The Stella Prize is a major literary award celebrating Australian women’s writing, and an organisation that champions cultural change.
The prize is named after one of Australia’s iconic female authors, Stella Maria Sarah ‘Miles’ Franklin, and was awarded for the first time in 2013. Both nonfiction and fiction books by Australian women are eligible for entry.
A collective memoir of one of Aboriginal Australia’s most charismatic leaders and an epic portrait of a period in the life of a country, reminiscent in its scale and intimacy of the work of Nobel Prize-winning Russian author Svetlana Alexievich.
Miles Franklin Award-winning novelist Alexis Wright returns to non-fiction in her new book, Tracker, a collective memoir of the charismatic Aboriginal leader, political thinker, and entrepreneur who died in Darwin in 2015. Taken from his family as a child and brought up in a mission on Croker Island, Tracker Tilmouth returned home to transform the world of Aboriginal politics. He worked tirelessly for Aboriginal self-determination, creating opportunities for land use and economic development in his many roles, including Director of the Central Land Council. He was a visionary and a projector of ideas, renowned for his irreverent humour and his anecdotes.
His memoir has been composed by Wright from interviews with Tilmouth himself, as well as with his family, friends, and colleagues, weaving his and their stories together into a book that is as much a tribute to the role played by storytelling in contemporary Aboriginal life as it is to the legacy of a remarkable man.
The dazzling new novel from Michelle de Kretser, author of Questions of Travel, bestseller and winner of the Miles Franklin Award. Set in Sydney, Paris and Sri Lanka, The Life to Come is a mesmerising novel about the stories we tell and don't tell ourselves as individuals, as societies and as nations. It feels at once firmly classic and exhilaratingly contemporary.
Pippa is a writer who longs for success. Celeste tries to convince herself that her feelings for her married lover are reciprocated. Ash makes strategic use of his childhood in Sri Lanka but blots out the memory of a tragedy from that time. Driven by riveting stories and unforgettable characters, here is a dazzling meditation on intimacy, loneliness and our flawed perception of other people.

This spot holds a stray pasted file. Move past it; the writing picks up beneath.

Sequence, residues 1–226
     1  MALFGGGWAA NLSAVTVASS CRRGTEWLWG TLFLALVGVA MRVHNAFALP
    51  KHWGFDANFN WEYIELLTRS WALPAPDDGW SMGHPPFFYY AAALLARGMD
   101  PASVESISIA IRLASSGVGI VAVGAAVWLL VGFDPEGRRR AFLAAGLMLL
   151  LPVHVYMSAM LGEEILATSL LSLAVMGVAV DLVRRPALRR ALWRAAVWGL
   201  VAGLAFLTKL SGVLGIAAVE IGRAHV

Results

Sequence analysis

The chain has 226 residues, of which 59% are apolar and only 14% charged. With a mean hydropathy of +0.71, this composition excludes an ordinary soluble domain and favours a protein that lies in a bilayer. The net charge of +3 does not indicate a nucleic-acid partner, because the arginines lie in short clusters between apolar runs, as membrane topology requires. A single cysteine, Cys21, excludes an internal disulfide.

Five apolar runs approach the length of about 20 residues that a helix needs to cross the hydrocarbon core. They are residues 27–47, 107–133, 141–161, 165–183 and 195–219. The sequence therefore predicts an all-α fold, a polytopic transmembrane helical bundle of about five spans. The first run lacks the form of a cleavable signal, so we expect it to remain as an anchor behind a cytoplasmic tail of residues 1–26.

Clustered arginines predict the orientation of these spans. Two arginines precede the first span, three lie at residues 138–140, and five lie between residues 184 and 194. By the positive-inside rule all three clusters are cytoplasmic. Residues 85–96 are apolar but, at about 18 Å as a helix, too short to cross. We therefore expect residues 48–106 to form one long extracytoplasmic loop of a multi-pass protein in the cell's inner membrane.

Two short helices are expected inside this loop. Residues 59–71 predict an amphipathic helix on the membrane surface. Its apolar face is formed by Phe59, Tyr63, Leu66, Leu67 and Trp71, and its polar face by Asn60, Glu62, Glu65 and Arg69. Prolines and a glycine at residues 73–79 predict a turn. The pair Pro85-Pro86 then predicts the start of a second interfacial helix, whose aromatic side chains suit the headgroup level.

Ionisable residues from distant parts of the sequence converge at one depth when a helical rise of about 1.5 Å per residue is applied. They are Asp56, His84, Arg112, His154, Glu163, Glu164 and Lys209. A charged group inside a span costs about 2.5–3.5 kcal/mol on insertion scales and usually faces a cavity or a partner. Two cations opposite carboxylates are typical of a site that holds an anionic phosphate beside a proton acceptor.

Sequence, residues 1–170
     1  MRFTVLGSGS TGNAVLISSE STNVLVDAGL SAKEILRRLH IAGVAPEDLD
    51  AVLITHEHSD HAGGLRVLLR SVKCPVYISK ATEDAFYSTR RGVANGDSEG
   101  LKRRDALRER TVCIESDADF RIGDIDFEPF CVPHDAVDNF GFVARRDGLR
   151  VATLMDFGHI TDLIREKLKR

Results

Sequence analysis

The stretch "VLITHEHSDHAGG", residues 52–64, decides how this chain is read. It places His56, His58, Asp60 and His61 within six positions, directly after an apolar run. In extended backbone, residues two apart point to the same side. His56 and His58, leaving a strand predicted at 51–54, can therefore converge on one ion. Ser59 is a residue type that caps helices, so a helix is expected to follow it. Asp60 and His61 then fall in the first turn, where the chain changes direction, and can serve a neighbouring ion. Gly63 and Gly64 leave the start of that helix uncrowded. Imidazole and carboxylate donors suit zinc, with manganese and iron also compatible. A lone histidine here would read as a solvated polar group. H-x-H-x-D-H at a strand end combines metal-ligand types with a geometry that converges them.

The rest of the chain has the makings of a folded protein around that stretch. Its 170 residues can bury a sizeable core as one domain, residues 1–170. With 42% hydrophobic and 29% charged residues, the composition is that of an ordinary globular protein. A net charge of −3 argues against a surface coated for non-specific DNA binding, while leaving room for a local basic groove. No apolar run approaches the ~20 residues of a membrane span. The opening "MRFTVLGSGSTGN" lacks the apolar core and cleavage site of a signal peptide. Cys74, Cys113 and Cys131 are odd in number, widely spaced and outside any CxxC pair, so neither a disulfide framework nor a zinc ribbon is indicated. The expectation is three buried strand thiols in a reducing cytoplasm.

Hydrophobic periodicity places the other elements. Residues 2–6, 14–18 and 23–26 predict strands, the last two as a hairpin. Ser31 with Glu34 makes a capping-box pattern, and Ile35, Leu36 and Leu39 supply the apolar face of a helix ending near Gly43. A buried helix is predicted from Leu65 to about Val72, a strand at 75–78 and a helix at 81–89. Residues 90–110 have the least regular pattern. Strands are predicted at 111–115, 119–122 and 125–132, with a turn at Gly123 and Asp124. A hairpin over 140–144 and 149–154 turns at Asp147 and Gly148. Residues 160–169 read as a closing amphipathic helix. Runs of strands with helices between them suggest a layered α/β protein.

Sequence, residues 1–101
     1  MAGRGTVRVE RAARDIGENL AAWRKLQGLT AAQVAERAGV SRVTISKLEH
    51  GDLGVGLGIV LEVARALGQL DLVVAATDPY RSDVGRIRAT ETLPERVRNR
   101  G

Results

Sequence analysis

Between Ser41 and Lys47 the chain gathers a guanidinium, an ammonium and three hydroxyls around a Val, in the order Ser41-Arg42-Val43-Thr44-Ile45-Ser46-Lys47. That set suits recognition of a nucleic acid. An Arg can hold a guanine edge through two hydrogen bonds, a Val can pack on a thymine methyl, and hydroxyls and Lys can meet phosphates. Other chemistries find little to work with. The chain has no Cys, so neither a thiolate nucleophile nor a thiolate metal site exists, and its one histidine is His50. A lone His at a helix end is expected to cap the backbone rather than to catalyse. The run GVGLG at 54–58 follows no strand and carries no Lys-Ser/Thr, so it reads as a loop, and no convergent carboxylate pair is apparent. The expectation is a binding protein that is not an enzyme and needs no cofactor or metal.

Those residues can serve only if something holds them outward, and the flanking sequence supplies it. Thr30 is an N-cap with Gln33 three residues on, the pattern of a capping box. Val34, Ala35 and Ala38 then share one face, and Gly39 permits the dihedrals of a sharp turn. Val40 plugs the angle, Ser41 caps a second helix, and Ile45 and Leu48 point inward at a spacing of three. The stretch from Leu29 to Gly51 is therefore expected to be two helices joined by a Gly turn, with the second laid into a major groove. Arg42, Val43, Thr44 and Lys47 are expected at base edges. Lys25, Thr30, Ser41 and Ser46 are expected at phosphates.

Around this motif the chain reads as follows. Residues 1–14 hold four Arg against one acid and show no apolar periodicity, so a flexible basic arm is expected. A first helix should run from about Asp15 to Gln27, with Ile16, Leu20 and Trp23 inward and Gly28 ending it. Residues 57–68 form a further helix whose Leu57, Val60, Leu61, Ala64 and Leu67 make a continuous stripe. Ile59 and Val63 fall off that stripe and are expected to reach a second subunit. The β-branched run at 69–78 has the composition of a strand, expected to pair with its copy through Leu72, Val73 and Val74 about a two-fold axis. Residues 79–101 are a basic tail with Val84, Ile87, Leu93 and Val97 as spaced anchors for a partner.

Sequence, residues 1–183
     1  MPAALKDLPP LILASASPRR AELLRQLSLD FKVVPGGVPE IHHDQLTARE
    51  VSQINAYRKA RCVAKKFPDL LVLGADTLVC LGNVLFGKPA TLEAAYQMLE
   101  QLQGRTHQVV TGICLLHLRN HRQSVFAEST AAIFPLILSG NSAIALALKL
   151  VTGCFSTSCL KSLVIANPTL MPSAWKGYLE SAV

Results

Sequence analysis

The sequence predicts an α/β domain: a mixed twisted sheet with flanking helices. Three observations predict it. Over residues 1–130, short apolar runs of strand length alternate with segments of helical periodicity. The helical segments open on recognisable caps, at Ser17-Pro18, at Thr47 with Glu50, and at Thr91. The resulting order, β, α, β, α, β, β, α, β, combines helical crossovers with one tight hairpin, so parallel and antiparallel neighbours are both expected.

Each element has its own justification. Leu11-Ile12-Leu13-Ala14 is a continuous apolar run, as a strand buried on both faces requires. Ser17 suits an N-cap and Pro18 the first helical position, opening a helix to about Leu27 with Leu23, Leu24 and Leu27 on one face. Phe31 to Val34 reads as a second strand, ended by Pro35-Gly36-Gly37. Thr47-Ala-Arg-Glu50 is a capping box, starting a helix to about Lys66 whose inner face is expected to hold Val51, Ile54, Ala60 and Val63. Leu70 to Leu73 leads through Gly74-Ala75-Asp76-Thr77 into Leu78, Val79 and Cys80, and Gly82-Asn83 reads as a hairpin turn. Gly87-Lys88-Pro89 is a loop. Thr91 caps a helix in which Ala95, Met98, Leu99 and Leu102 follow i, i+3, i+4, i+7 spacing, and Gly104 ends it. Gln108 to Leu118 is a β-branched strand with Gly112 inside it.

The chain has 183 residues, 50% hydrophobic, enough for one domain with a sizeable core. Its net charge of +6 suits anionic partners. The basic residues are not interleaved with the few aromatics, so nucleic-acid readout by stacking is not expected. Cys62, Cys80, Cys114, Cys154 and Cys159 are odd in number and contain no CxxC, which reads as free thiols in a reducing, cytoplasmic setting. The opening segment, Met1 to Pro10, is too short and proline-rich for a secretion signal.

Profoundly moving as well as wickedly funny, The Life to Come reveals how the shadows cast by both the past and the future can transform, distort and undo the present. This extraordinary novel by Miles Franklin-winning author Michelle de Kretser will strike to your soul.
Some time in the near future, university lecturer Caspar receives a gift from a former student called Liv: a memory stick containing a virtual narrative.
Hooked up to a virtual reality bodysuit, he becomes immersed in the experience of their past sexual relationship. But this time it is her experience. What was for him an erotic interlude, resonant with the thrill of seduction, was very different for her - and when he has lived it, he will understand how.
Later… A convicted paedophile recruited to Liv’s experiment in collective consciousness discovers a way to escape from his own desolation. A synthetic boy, designed by Liv’s team to ‘love’ men who desire adolescents, begins to question the terms of his existence. L, in transition to a state beyond gender, befriends Liv, in transition to a state beyond age.
Liv herself has finally transcended the corporeal but there is still the problem of love.
An Uncertain Grace is a novel in five parts by one of Australia’s most inventive and provocative writers. Moving, thoughtful, sometimes playful, it is about who we are our best and worst selves, our innermost selves and who we might become.
n the near future Australia is about to experience colonisation once more. What have we learned from our past? A daring debut novel from the winner of the 2016 black&write! writing fellowship.
Jacky was running. There was no thought in his head, only an intense drive to run. There was no sense he was getting anywhere, no plan, no destination, no future. All he had was a sense of what was behind, what he was running from. Jacky was running.
The Natives of the Colony are restless. The Settlers are eager to have a nation of peace, and to bring the savages into line. Families are torn apart, reeducation is enforced. This rich land will provide for all. This is not Australia as we know it. This is not the Australia of our history.
This Terra Nullius is something new, but all too familiar. This is an incredible debut from a striking new Australian Aboriginal voice.
Sparked by the description of a ‘Malay trollope’ in W. Somerset Maugham’s story, ‘The Four Dutchmen’, Mirandi Riwoe’s novella, The Fish Girl, tells of an Indonesian girl whose life is changed irrevocably when she moves from a small fishing village to work in the house of a Dutch merchant.
There she finds both hardship and tenderness as her traditional past and colonial present collide. Told with an exquisitely restrained voice and coloured with lush description, this moving book will stay with you long after the last page.